O'Reilly logo

Programming Social Applications by Jonathan LeBlanc

Stay ahead with the world's most comprehensive technology and business learning platform.

With Safari, you learn the way you learn best. Get unlimited access to videos, live online training, learning paths, books, tutorials, and more.

Start Free Trial

No credit card required

POST Request

For the most part, HTTP POST requests are used to update existing resources on a server. You will be making a request to a service and passing along a POST payload, which the server then uses to denote the update resource or hold the content to be updated.

In PHP, we can use cURL to issue a POST request:

<?php
$url = 'http://www.example.com/request.php';
$postvals = 'firstName=John&lastName=Smith';

$ch = curl_init($url);
$options = array(
   CURLOPT_CUSTOMREQUEST => 'POST',
   CURLOPT_URL => $url,
   CURLOPT_POST => 1,
   CURLOPT_POSTFIELDS => $postvals,
   CURLOPT_RETURNTRANSFER => 1
);
curl_setopt_array($ch, $options);
$response = curl_exec($ch);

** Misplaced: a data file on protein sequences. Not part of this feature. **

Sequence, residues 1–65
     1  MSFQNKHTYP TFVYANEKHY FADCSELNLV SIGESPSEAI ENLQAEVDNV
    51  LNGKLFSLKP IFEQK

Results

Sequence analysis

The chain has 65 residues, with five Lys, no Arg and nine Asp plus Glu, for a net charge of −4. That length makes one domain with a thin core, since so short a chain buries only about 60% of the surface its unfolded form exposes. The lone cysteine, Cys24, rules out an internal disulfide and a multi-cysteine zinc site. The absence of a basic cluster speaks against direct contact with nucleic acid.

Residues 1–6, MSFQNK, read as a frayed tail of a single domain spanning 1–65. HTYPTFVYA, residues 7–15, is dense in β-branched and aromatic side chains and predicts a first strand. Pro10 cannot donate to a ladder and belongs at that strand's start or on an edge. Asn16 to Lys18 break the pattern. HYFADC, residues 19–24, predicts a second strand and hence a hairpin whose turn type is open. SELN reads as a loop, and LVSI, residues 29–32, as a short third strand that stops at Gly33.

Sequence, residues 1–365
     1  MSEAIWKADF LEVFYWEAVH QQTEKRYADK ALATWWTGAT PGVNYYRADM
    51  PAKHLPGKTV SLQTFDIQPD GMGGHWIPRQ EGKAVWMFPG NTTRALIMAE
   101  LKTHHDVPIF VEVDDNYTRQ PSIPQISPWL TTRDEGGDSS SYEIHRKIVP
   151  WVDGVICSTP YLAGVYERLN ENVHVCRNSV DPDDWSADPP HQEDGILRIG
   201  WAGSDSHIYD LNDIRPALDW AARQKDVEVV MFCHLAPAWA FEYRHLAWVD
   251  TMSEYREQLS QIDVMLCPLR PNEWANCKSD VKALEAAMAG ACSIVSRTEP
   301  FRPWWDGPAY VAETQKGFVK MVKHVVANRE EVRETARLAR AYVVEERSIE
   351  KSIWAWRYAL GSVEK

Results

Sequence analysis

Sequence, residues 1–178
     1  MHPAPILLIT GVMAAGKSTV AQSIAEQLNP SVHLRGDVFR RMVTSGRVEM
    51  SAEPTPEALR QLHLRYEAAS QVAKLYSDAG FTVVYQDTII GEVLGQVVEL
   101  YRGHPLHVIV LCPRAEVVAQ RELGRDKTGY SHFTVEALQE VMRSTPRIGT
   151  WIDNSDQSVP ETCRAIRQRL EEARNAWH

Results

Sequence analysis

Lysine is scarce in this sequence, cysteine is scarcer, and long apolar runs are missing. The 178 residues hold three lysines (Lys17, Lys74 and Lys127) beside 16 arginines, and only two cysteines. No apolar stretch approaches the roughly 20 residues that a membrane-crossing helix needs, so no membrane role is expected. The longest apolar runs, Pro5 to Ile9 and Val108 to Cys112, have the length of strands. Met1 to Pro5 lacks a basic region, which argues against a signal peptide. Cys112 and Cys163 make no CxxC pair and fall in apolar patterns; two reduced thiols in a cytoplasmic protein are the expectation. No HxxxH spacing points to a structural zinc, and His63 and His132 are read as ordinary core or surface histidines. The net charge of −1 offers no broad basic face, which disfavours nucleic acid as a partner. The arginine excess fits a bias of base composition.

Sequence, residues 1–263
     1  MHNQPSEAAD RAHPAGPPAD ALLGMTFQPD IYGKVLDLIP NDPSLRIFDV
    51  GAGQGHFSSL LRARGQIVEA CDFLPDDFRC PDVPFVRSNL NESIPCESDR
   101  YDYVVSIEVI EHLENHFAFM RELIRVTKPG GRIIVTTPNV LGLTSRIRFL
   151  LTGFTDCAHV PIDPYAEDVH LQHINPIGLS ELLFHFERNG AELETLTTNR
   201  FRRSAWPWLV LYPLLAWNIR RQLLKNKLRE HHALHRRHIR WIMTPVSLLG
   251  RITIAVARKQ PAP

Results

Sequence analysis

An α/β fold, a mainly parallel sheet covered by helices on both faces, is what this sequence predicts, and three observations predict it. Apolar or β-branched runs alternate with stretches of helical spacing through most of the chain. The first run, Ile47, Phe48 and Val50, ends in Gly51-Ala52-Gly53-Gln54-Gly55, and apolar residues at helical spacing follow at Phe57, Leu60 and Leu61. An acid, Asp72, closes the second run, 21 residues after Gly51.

curl_close($ch);
?>

As with the GET request, we are making the call to a specified URL, but this time we are creating a POST string that we will send. In addition to the cURL options from the GET request, we use CURLOPT_CUSTOMREQUEST and CURLOPT_POST to state that we want to make a POST request and CURLOPT_POSTFIELDS to attach the data to send in the POST.

In Python, we can once again use urllib for the POST request:

import urllib

url = 'http://www.example.com/request.py'
postvals = {'first_name': 'John', 'last_name': 'Smith'}

params = urllib.urlencode(postvals)
f = urllib.urlopen(url, params)
response = f.read()

As with the GET request, we are making the request to a specific URL. This time, though, we create the object that we want to POST, encode it, and pass it along when we call urlopen(...).

With Safari, you learn the way you learn best. Get unlimited access to videos, live online training, learning paths, books, interactive tutorials, and more.

Start Free Trial

No credit card required